This week, most of us in this nation celebrated the life of Dr. Martin Luther King Jr. in a variety of ways, many of which have become routine in our culture—from acts of service, to video tributes, and social media posts from professional athletes, celebrities, and elected officials.

While I applaud the timely acts of remembrance that surface on the third Monday each January, let’s not forget the powerful road map that Dr. King left for us. As all exceptional leaders do, Dr. King articulated a compelling destination.

No, it’s not the “mountaintop” or “the dream.” As I have come to understand it, Dr. King’s destination is the “Beloved Community”—a moment in human history where the fundamental interactions and relationships between human beings elevate and reflect the power and centrality of God.

Why not use his own words, as featured on the King Center’s website:

“Dr. King’s Beloved Community is a global vision, in which all people can share in the wealth of the earth. In the Beloved Community, poverty, hunger and homelessness will not be tolerated because international standards of human decency will not allow it. Racism and all forms of discrimination, bigotry and prejudice will be replaced by an all-inclusive spirit of sisterhood and brotherhood. In the Beloved Community, international disputes will be resolved by peaceful conflict-resolution and reconciliation of adversaries, instead of military power. Love and trust will triumph over fear and hatred. Peace with justice will prevail over war and military conflict.”

Source: (January 25, 2019)

I encourage those who are reading this to remember this road map and not just the soaring rhetoric. Dr. King’s road map is a beautiful blueprint for action—personal and collective.

Here is my take on Dr. King’s road map toward the destination of the Beloved Community.

Let’s begin with the obvious—the vehicle. Non-violence is the vehicle and it’s an appropriate vehicle because it’s accessible to each of us. Non-violence is a vehicle that everyone can operate, without regard to age, class, religion, or ability. Non-violence is a vehicle that is equipped for all terrains and it functions in all climates—rain, wind, heat, and ice.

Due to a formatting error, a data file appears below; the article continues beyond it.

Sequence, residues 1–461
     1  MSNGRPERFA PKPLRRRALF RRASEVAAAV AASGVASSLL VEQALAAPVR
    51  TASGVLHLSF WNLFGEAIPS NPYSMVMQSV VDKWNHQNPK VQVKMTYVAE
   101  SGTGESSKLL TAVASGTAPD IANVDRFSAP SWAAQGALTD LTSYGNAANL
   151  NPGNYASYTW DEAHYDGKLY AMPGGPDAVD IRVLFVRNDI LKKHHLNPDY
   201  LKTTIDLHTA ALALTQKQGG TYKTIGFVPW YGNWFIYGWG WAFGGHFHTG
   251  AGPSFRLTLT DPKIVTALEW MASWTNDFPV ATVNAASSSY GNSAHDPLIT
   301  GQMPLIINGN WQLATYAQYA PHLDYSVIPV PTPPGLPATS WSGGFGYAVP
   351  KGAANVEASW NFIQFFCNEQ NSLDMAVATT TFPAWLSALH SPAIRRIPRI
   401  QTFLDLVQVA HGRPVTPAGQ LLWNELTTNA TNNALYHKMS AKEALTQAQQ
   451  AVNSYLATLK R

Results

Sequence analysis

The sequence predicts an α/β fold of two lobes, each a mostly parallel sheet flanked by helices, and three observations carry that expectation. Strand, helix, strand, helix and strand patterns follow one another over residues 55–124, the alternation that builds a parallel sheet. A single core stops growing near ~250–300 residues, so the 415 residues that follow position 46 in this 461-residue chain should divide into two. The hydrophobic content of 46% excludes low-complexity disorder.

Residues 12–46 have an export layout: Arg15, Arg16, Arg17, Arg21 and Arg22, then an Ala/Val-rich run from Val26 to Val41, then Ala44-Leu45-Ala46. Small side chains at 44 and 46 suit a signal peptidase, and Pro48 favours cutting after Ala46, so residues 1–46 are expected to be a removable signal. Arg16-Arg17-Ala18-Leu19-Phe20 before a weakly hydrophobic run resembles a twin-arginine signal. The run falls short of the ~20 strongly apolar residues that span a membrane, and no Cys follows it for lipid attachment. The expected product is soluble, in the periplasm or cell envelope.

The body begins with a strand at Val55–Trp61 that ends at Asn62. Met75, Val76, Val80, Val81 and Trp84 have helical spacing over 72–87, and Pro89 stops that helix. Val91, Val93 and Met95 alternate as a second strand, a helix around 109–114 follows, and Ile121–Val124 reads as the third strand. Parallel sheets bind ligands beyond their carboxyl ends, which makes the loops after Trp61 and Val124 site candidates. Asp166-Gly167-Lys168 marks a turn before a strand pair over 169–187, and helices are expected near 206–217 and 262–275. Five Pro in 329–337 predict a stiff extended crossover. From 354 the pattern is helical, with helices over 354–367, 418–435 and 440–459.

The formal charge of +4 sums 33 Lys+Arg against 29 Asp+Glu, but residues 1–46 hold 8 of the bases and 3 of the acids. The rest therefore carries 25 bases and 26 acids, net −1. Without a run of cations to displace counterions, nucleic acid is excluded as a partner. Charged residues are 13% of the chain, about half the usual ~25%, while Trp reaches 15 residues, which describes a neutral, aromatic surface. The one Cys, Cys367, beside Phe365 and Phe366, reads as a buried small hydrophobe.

Next, let’s focus on the drivers—you and me. The pursuit of a world devoid of poverty, racism, and militarism—where justice and love are enjoyed by all—will require each of us to take a turn in the driver’s seat. Dr. King’s road map puts us individually—and thereby collectively—in the driver’s seat. Every time we see injustice, every time we recognize evil, we take the steering wheel of non-violence into our hands. Where we choose to steer is up to us.

Of course, being a driver of non-violence is a choice and a responsibility. But our passengers don’t always make that choice or that responsibility pleasurable or desirable. Those who benefit from and who perpetuate poverty, racism, and militarism need to accompany us on this journey. The Beloved Community is a shared destination, even for those who don’t recognize it as such. So, it is up to those of us who accept the role of driver to persuade our adversaries and detractors to join us.

Dr. King has a renewable source of fuel ready for us—agape love. It is through a deep recognition of the presence of God within everyone around us that we can power non-violence. Love is not a resource that we need to mine from some kind of external source. Love is within and it is cultivated through a mindset and a commitment to seeing the humanity and dignity in everyone who comes across our path.

This leads me to the pathways for reaching the Beloved Community. Justice is a pathway. Desegregation is a pathway. Peace is a pathway. There are multiple routes that can guide us toward the Beloved Community. And, along the way, Dr. King suggests we look out for six landmarks.

These landmarks are elements in the environment (i.e., attitudes and behaviors) that tell us we are heading in the right direction. They’re called the Six Steps of Non-violent Change. Briefly, they include information gathering, education, personal commitment, discussion/negotiation, direct action, and reconciliation. You can read more about each of these landmarks on the King Center’s website.

It’s that last landmark, reconciliation, that truly tells us we’re getting close to our destination. Reconciliation and redemption mark our entrance to the gates of the Beloved Community. But there are clear obstacles and hazards that we’ll face along the way. Dr. King warns us to constantly be vigilant for the triple evils of poverty, racism, and militarism—for they have the ability to cripple our vehicle and halt forward momentum.

Despite the warning and the difficulty of the journey, I am encouraged by the words on King Center’s website:

“The Triple Evils of POVERTY, RACISM and MILITARISM are forms of violence that exist in a vicious cycle. They are interrelated, all-inclusive, and stand as barriers to our living in the Beloved Community. When we work to remedy one evil, we affect all evils.”

Pull on the loose threads and the tapestry of evil will unravel.  Let that be our inexorable call to action. The road map has been published.


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